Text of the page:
• Size
  • Hair coat 
  • Facial conformation
  Panting is one method that dogs use to cool off. Breeds with pushed in noses and short faces such as English Bulldogs, pugs, Pekingese and boxers, tend to have a more difficult time in a hot climate.
  Giant dog breeds such as Newfoundlands and St. Bernard’s cannot handle exercise in hot weather as well as smaller dogs can. They are prone to sluggishness and obesity.


  If you’re looking for a dog that enjoys hot weather, consider dogs that come from high-temp locales. Dogs originating from warmer, drier climates, like the Basenji, are best suited for summer weather. This hard-working dog originated in central Africa and has hot-weather hunting in its blood, and even today it is used by Pygmy tribes to take down lions. As a bonus, the Basenji naturally does not bark and sheds little.



  That small, short-haired dogs, such as the Mini Pin, can handle the heat better than their large, heavily furred counterparts. Miniature Pinschers have a short, smooth coat and no undercoat, which helps them dissipate heat.



  Long, lean and known for speed, the Greyhound is another ancient breed with history in Egypt. The dog’s smooth, low-maintenance coat helps in keeping it from overheating. Greyhounds are slim and capable of exercise when the weather is hot.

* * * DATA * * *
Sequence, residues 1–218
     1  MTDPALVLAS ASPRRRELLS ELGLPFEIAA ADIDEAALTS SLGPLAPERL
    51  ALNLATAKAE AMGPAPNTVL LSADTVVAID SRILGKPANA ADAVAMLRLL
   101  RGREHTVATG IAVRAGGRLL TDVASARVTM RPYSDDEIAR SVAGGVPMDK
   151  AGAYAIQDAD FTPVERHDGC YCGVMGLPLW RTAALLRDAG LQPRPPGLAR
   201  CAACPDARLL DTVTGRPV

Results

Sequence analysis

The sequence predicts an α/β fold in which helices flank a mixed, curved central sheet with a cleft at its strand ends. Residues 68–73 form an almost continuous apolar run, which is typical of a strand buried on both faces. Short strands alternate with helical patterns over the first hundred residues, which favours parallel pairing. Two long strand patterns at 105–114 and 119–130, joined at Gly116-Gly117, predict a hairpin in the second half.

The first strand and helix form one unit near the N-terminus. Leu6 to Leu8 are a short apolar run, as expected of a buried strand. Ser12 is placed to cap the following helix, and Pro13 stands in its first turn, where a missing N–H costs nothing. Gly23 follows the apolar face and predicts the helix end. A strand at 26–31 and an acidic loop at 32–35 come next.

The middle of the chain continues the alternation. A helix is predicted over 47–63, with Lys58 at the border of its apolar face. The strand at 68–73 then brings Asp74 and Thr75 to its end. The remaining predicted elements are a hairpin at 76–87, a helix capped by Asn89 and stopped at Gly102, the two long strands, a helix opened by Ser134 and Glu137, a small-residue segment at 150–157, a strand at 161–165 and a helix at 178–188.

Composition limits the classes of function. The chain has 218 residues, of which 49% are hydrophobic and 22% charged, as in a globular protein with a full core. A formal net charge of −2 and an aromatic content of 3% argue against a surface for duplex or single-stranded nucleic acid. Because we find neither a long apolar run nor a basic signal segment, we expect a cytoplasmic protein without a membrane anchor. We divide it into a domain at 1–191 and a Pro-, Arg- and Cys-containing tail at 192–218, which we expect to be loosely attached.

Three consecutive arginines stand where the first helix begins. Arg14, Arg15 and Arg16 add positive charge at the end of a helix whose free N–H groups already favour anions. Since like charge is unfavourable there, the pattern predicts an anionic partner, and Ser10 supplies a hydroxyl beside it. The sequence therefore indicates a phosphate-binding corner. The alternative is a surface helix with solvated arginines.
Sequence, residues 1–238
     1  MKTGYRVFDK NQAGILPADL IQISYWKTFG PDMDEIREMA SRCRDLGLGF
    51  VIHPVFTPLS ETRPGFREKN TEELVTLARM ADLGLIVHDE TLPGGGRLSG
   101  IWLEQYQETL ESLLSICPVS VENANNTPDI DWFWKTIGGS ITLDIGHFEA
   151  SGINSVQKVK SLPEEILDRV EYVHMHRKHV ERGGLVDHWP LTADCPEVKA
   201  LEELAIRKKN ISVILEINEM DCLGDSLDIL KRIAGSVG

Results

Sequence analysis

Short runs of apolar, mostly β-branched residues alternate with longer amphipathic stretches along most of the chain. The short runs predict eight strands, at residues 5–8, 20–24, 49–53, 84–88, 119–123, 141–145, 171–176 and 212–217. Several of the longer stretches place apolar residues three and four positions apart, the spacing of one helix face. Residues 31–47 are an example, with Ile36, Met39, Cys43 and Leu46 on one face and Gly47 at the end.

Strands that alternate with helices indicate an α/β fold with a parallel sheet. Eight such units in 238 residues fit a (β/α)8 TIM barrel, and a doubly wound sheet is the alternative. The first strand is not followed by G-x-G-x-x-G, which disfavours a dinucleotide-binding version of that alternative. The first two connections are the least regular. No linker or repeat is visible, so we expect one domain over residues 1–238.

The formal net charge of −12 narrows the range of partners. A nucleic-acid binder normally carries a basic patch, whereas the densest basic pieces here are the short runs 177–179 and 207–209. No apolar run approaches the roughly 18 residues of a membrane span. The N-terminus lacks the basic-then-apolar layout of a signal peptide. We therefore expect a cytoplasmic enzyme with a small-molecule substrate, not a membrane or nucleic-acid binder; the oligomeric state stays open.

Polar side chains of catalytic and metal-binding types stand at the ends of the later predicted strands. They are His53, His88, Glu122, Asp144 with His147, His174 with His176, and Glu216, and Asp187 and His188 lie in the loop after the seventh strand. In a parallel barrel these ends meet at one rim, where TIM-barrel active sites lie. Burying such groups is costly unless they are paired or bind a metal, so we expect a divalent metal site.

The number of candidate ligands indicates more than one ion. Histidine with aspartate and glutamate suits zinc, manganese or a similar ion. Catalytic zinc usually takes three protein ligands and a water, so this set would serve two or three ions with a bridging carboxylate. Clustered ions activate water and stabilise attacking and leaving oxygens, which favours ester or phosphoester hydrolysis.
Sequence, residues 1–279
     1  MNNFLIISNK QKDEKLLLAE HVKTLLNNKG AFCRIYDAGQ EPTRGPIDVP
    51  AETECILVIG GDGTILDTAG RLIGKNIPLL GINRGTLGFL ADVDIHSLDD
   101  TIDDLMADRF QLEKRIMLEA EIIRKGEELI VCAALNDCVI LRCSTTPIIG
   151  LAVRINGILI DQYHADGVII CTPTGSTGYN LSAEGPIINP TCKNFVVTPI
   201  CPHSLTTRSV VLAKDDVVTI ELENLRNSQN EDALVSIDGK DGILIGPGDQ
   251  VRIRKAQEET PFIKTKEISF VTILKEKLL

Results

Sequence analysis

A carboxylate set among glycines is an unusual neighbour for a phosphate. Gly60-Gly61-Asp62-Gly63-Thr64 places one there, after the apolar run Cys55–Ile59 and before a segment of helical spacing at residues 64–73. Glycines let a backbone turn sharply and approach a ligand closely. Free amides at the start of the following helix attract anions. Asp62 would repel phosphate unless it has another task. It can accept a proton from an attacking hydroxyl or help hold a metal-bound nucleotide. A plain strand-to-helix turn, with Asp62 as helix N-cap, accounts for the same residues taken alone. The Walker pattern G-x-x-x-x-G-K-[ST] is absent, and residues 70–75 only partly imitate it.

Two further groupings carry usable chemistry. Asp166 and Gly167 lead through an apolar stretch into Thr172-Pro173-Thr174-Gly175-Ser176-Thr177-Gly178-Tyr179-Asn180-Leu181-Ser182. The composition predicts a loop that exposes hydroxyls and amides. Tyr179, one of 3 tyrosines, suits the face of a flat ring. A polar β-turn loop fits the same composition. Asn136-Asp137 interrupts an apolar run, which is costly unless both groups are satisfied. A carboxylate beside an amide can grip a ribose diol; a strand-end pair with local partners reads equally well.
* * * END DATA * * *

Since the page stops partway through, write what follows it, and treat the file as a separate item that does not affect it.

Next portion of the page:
Smaller dogs can tolerate heat well. If you’re into small dogs, Chihuahuas have a short coat and are typically pretty resilient. Of note, small dogs with flat faces, such as Pugs or Bulldogs, do not do well in the heat.

  The Pharaoh Hound happily soaks up the sun rays. This slender, athletic canine has a fuss-free short coat and loves to play outdoors. One of the oldest dog breeds, the Pharaoh Hound originated in Egypt but is now the national dog for Malta, bred for hunting rabbits.

  The terriers can do well in the heat. The Cairn Terrier is a rugged pup with a weather-resistant coat that protects it in hot- and cold-weather conditions. This spunky canine lives for outdoor activity and craves physical and mental stimulation, particularly hunting-type games.

Also other dogs that  do well in hot weather are:
Hot-weather tips for dogs
  Though some dog breeds tolerate or even thrive in higher temperatures, it's important to providing ample opportunity for your pawed pal to cool off. During hot summer months, dogs should have multiple clean-water sources and plenty of shade. This is particularly true if you have a pet that doesn’t do well in the heat, especially flat-nosed dog breeds, such as the Pug and Bulldog. These breeds can easily overheat due to their facial structure, which impedes efficient panting and cooling off. Regardless of breed, keep a close eye out for signs of heat exhaustion.
 Always make sure that his dog water bowl is filled at all times, especially during hot weather.